Crystal structure of human dipeptidyl peptidase IV in complex with a decapeptide reveals details on substrate specificity and tetrahedral intermediate formation.Aertgeerts, K., Ye, S., Tennant, M.G., Kraus, M.L., Rogers, J., Sang, B.C., Skene, R.J., Webb, D.R., Prasad, G.S.
(2004) Protein Sci. 13: 412-421
- PubMed: 14718659
- DOI: 10.1110/ps.03460604
- Primary Citation of Related Structures:
- PubMed Abstract:
Dipeptidyl peptidase IV (DPPIV) is a member of the prolyl oligopeptidase family of serine proteases. DPPIV removes dipeptides from the N terminus of substrates, including many chemokines, neuropeptides, and peptide hormones. Specific inhibition of DP ...
Dipeptidyl peptidase IV (DPPIV) is a member of the prolyl oligopeptidase family of serine proteases. DPPIV removes dipeptides from the N terminus of substrates, including many chemokines, neuropeptides, and peptide hormones. Specific inhibition of DPPIV is being investigated in human trials for the treatment of type II diabetes. To understand better the molecular determinants that underlie enzyme catalysis and substrate specificity, we report the crystal structures of DPPIV in the free form and in complex with the first 10 residues of the physiological substrate, Neuropeptide Y (residues 1-10; tNPY). The crystal structure of the free form of the enzyme reveals two potential channels through which substrates could access the active site-a so-called propeller opening, and side opening. The crystal structure of the DPPIV/tNPY complex suggests that bioactive peptides utilize the side opening unique to DPPIV to access the active site. Other structural features in the active site such as the presence of a Glu motif, a well-defined hydrophobic S1 subsite, and minimal long-range interactions explain the substrate recognition and binding properties of DPPIV. Moreover, in the DPPIV/tNPY complex structure, the peptide is not cleaved but trapped in a tetrahedral intermediate that occurs during catalysis. Conformational changes of S630 and H740 between DPPIV in its free form and in complex with tNPY were observed and contribute to the stabilization of the tetrahedral intermediate. Our results facilitate the design of potent, selective small molecule inhibitors of DPPIV that may yield compounds for the development of novel drugs to treat type II diabetes.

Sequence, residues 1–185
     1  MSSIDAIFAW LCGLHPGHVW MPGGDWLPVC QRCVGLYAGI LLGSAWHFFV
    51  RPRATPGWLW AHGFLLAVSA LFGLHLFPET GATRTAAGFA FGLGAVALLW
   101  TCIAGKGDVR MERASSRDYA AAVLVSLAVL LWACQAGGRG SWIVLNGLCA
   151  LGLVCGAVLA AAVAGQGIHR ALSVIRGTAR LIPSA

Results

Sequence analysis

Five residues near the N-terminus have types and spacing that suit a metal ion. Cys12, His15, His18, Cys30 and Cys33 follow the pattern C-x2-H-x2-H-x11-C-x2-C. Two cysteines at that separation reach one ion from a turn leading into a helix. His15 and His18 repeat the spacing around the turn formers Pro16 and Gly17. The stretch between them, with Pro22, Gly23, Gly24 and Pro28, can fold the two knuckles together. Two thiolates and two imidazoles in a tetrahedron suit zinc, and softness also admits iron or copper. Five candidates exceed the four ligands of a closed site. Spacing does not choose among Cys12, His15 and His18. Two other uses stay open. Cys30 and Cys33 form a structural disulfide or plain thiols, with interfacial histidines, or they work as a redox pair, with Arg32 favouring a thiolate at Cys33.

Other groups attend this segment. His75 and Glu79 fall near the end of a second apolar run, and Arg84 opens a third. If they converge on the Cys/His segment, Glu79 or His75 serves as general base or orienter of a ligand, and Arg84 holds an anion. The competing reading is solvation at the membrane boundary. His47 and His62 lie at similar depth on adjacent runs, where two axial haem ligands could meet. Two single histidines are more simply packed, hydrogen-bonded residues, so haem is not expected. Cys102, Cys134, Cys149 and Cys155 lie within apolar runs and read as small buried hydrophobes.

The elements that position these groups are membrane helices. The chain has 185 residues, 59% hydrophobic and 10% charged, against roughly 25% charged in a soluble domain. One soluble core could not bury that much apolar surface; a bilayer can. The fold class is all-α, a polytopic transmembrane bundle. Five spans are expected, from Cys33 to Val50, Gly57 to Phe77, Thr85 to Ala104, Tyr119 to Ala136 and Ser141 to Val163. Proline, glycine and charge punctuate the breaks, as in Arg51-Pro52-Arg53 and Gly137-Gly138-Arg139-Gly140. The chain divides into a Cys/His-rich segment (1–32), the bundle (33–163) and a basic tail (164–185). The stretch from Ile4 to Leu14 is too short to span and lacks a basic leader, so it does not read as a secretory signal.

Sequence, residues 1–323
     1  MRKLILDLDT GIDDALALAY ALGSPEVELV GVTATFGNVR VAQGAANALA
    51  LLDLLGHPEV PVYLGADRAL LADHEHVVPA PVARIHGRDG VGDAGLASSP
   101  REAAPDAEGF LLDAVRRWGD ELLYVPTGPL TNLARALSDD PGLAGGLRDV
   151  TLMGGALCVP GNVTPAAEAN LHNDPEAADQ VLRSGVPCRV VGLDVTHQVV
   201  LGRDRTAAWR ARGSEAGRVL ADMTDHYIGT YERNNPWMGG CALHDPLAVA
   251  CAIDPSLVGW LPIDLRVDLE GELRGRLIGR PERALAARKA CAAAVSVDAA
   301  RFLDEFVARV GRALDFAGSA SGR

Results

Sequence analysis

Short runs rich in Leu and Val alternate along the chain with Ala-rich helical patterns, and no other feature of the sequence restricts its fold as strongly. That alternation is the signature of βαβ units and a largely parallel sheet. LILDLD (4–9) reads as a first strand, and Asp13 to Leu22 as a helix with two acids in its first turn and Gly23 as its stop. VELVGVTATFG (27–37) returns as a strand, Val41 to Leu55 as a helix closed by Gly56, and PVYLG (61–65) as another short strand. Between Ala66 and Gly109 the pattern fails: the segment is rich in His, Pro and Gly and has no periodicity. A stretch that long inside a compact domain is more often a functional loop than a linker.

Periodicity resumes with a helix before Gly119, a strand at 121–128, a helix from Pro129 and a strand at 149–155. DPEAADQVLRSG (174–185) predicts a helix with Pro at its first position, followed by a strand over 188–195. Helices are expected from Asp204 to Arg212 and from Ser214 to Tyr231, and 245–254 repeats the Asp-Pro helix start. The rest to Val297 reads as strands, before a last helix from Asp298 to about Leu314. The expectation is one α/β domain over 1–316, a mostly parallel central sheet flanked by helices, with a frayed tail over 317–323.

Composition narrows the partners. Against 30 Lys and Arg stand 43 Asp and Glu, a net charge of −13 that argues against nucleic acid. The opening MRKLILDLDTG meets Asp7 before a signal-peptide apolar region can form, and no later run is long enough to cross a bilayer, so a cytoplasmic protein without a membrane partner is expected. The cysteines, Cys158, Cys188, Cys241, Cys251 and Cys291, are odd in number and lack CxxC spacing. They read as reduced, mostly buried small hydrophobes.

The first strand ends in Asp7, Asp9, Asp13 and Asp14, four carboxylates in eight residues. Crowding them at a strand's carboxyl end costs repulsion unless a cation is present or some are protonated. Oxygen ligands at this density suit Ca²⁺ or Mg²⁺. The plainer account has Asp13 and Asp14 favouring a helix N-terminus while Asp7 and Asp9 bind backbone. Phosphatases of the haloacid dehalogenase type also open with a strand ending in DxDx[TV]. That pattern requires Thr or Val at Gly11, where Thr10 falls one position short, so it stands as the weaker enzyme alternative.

Syrrx Inc., 10410 Science Center Drive, San Diego, CA 92121, USA.